‘Group Inquiry’, Erkenntnis publisher’s link (open access)

Uses work on formal pragmatics by Robert Stalnaker and Craige Roberts to offer an account of group inquiry, along the way considering the nature of group action, group knowledge, and collective ignorance.

‘Fake news, Conceptual Engineering, and Linguistic Resistance: Reply to Pepp, Michaelson, and Sterken, and Brown’, Inquiry. pre-print, publisher’s link

Works through the general form of arguments for abandoning terms, does some work situating ‘fake news’ in fascist discourse, and tries to say something general about anti-fascist conceptual engineering.


‘Group Knowledge, Questions, and the Division of Epistemic Labour’, Ergo. Publisher’s link (OPEN ACCESS)

Gives an account of group knowledge, building on linguistic treatments of  the cumulative reading of knowledge-wh ascriptions, arguing that a group can know the answer to a question in virtue of members of the group knowing answers to parts of that question which are accessible to group action.

‘Stop Talking about Fake News!’, forthcoming in Inquiry, Publisher’s link, philpapers (open access)

Makes the case for abandoning the phrase ‘fake news’, and ‘post-truth’. I give three arguments for abandonment: that these terms are linguistically defective, that they are unnecessary given the rich vocabulary we already have, and that they are tools for authoritarian and reactionary propaganda. If I’d known about the phrase before, I’d have said that this paper makes the case for semantic no platforming (h/t Liam Bright).

(Something like an executive summary is here, and I talked about this paper on the podcast Journal Entries).

‘What’s the point of knowing how?’ forthcoming in the European Journal of Philosophy Publisher’s link, pre-print

Why do we think and talk about knowledge-how? Using Edward Craig’s genealogical approach to knowledge, this paper argues that there are two reasons: one concerning spreading capacities, and the other concerning mutual reliance. These functions are in tension, making the concept of knowledge-how in tension. To resolve the tension, we’d better endorse a revisionary account of knowledge-how.

‘Knowledge-How, Abilities and Questions’, (2019) The Australasian Journal of Philosophy 97:1, 86-104 publisher’s link (OPEN ACCESS), [pre-print].

Argues for a novel theory of knowledge-how as a distinctive kind of ability to answer a question, what I call an ability to answer a question on the fly. One can think of this view as a kind of compromise between Intellectualism and Anti-Intellectualism, that combines the idea that knowledge-how is an ability, with the standard question-based semantics for interrogative complements like ‘how to swim’.

Draft paper, along with presentation and commentaries from Evan Riley, Carlotta Pavese, and Jay Spitzley here.

The Generality Problem for Intellectualism,’ (2018) Mind and Language 33(3): 242-262 publisher’s link (OPEN ACCESS), pre-print.

I argue that Intellectualists ought to provide us with an account of the generality of the methods that figure in the propositions which they claim are involved in knowledge-how, that this problem is analogous to the Generality Problem for reliabilism, and that lots of prima facie plausible ways to give an account of the generality of these methods fail (This paper is basically a longer and much less amusing version of this sketch).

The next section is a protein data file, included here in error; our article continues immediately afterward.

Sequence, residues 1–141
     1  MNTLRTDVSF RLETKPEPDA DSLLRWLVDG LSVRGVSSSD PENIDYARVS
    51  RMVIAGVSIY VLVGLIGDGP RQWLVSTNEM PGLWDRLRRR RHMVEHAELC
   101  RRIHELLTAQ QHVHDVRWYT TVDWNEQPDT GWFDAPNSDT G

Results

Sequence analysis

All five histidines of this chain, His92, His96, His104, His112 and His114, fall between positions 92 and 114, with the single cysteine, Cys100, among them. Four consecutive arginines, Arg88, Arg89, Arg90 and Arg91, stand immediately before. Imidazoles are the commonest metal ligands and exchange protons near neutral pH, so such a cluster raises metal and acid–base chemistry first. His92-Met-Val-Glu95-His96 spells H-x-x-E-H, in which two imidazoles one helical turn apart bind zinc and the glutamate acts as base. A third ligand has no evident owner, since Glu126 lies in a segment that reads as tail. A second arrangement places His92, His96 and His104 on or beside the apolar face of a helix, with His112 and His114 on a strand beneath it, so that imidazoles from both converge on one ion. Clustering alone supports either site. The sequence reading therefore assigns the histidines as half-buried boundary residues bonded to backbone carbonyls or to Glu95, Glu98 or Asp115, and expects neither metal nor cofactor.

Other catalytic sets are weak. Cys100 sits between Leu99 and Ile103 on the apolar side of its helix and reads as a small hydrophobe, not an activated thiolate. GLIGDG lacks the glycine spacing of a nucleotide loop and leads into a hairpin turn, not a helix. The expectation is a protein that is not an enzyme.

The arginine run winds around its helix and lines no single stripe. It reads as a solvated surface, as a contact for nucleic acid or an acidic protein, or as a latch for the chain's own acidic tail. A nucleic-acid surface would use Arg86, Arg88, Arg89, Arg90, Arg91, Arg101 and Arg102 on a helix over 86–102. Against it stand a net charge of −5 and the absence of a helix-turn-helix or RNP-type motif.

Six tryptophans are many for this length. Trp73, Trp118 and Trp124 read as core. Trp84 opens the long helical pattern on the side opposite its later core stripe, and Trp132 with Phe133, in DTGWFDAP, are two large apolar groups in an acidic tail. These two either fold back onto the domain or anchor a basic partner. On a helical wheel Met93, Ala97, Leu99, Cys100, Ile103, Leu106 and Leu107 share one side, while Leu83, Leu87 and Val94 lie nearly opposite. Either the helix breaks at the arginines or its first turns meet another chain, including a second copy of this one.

‘Knowledge-How, Showing and Epistemic Norms,’ (2018) Synthese 195(8): 3597–3620 publisher’s link, pre-print

This paper centres around cases for knowledge-how that are analogous to Lackey’s Creationist teacher, using them to criticise the knowledge-how norm on showing (roughly, the norm that one must know how to do what one teaches others to do). A central example is Carmine Caruso, who is a super cool person to think and know about.

‘Knowledge-How is the Norm of Intending,’ (2018) Philosophical Studies 175(7): 1703–1727publisher’s link, pre-print

Makes the case for an epistemic norm on intending (roughly: that one must know how to do what one intends to do), based on extensions of arguments used in favour of other epistemic norms.

‘Knowledge-how: Free Relatives and Interrogatives,’ (2018) Episteme 15(2): 183-201 Publisher’s link, pre-print

Argues that treating the ‘how to swim’ in the sentence ‘Jane knows how to swim’ as a free relative (rather than as an interrogative) is linguistically implausible, and that this causes a problem for Bengson and Moffett’s Objectualist account of knowledge-how.


(Please ask before citing; comments welcome!)

‘How to Epistemically Evaluate Social Media’ DRAFT

Gives an overview of normative tools from social epistemology that can be used to evaluate the epsitemic character of social media platforms, and argues that individual-focused, structural, and anti-oppressive epistemic aims are fundamentally in tension with one another.

‘Knowing More (about Questions)’ DRAFT

Gives an account of what it means to know more, arguing that we should measure amounts of knowledge in a question-relative, contextualist way.

‘What’s the Point of Authors?’ DRAFT

Considers what use the status of authorship has, arguing that it performs a set of functions which are in tension. Offers a proposal for ameliorating this situation, involving doing away with the status of authorship.

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